He turned away from her and left the room. He closed the door behind him. Even as the darkness fell, he flicked on the flashlight to hold it at bay. He paused at the top of the stairs. The old woman lived alone. Who knew if she were still there in that little house across the way? Could he even make it to her if she were?
Never mind. He pointed the beam of light at his feet and hurried down the stairs. As he crossed the darkened living room,, a coldness fell upon him, as if he had walked into a crypt. Everything that he touched with the flashlight beam --the sofa, the television, the curtains beside the dead window --seemed artifacts rendered irrelevant by a change in the world.
He paused. The door stood before him. Sandy's tormented voice swelled beyond it. He pulled the latch, and dropped his hand to the knob. As he turned the knob, he was struck by the certainty that the old woman was dead. A vision of her, lying in her bed, eyes frozen open, staring out at the darkness, flashed before him.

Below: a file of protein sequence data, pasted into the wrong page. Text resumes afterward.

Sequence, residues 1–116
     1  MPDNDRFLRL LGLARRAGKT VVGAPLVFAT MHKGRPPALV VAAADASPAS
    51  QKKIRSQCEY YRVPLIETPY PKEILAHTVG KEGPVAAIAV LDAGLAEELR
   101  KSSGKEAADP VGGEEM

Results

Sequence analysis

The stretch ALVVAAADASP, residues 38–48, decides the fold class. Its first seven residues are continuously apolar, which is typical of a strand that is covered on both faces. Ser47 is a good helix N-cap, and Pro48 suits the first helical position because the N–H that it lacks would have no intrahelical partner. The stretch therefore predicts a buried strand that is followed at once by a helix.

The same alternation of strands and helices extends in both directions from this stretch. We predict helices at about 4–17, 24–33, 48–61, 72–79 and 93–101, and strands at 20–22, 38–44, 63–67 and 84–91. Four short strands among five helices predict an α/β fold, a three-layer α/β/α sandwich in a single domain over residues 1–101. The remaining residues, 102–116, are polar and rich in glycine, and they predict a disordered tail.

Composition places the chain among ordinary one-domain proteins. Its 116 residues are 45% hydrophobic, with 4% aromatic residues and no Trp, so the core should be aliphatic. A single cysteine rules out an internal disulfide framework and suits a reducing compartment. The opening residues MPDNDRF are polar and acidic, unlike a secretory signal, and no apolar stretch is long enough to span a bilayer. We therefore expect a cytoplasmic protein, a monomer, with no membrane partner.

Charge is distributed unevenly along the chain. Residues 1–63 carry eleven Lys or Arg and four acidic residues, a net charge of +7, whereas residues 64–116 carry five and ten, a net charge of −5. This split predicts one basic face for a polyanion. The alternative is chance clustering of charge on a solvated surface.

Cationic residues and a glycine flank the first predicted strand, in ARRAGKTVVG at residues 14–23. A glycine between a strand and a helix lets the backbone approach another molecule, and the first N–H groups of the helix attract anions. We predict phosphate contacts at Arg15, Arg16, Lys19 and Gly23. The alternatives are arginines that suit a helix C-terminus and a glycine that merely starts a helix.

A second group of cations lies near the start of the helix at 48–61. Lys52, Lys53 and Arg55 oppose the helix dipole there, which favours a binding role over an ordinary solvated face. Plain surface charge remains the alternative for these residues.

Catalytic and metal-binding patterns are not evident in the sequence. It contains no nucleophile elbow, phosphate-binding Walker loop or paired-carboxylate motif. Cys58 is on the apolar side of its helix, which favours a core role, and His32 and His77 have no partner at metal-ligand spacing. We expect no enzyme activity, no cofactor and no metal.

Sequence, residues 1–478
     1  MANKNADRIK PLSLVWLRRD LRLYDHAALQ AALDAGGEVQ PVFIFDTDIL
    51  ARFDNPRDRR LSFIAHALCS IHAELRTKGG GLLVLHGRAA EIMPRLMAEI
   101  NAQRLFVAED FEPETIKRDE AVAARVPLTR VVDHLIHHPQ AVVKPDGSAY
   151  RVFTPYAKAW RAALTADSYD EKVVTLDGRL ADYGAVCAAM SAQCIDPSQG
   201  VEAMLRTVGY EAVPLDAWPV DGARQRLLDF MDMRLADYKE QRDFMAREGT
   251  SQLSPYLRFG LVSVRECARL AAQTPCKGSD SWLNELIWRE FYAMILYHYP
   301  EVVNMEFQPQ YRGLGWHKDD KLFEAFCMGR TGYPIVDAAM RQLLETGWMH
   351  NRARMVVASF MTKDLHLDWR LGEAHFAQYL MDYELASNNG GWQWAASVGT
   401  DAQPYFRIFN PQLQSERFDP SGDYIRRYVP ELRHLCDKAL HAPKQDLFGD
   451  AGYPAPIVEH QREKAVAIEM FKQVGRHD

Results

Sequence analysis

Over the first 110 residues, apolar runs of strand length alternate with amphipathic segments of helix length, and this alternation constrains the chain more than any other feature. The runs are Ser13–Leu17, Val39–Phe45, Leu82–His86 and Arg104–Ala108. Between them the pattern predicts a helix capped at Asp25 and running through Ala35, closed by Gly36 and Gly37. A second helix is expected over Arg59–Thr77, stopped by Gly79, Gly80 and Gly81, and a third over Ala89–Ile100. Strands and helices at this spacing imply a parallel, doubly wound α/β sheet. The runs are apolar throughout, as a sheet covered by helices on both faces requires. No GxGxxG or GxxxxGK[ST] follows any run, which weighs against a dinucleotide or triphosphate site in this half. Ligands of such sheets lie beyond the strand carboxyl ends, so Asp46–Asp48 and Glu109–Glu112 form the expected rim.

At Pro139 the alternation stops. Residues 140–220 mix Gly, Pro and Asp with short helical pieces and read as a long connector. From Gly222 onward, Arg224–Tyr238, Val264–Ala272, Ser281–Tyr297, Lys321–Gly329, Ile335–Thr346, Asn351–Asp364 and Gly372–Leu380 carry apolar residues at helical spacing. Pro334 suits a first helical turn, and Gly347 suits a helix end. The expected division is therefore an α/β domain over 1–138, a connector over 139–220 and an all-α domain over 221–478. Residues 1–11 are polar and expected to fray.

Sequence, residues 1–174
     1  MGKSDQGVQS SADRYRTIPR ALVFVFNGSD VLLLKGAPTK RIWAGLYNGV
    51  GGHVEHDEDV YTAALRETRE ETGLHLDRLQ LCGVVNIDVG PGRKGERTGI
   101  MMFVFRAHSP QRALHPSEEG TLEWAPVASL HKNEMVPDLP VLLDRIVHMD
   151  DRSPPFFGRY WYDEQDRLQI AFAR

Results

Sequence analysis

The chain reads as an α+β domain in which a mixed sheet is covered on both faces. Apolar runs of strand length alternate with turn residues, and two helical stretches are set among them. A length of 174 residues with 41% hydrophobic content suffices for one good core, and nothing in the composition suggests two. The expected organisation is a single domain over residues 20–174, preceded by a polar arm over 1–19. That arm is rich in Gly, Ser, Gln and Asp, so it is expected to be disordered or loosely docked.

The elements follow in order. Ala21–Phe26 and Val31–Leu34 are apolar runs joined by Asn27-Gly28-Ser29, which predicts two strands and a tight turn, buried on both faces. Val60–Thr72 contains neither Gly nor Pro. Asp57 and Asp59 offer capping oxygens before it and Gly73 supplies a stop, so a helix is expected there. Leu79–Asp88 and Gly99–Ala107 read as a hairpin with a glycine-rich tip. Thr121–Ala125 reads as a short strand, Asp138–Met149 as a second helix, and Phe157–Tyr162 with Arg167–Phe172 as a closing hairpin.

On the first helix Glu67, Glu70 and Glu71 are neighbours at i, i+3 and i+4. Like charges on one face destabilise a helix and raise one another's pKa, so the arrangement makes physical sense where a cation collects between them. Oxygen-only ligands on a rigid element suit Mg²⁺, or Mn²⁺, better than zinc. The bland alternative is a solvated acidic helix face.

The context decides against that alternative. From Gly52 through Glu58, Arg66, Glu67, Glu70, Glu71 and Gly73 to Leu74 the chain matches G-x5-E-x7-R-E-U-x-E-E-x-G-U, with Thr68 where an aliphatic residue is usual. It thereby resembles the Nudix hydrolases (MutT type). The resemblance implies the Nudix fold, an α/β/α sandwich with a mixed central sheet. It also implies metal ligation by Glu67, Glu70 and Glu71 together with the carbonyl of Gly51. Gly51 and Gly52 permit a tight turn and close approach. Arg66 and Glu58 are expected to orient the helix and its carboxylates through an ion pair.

A roar and something pushed the door in. It cracked his forehead; his teeth clenched on his tongue, and he flew backward and away. The flashlight rolled across the floor.
He sat slumped against the wall for a moment, paralyzed by the sound of the wind. Cold rain lashed his face. Beyond the door, blackness, void. He tasted blood. His mind worked slowly. She's dead. It's useless. He wiped the rain out of his eyes, turned and crawled across the floor to retrieve the flashlight.
He crawled back to the doorway, braced himself, and peered out at the night. Nothing.
His mouth was full of blood. Part of his tongue flapped loosely in his mouth. The old woman was dead. The blow to his head had made him dizzy.
Drenched, wounded, dazed, he took a knee. The little house across the alley was a world apart. As was the room upstairs, with the flickering candle and the woman and the dog.
He turned off the flashlight. No man would risk it. Not in this world of darkness, confusion, and lamentation.
Sandy howled, triumphant.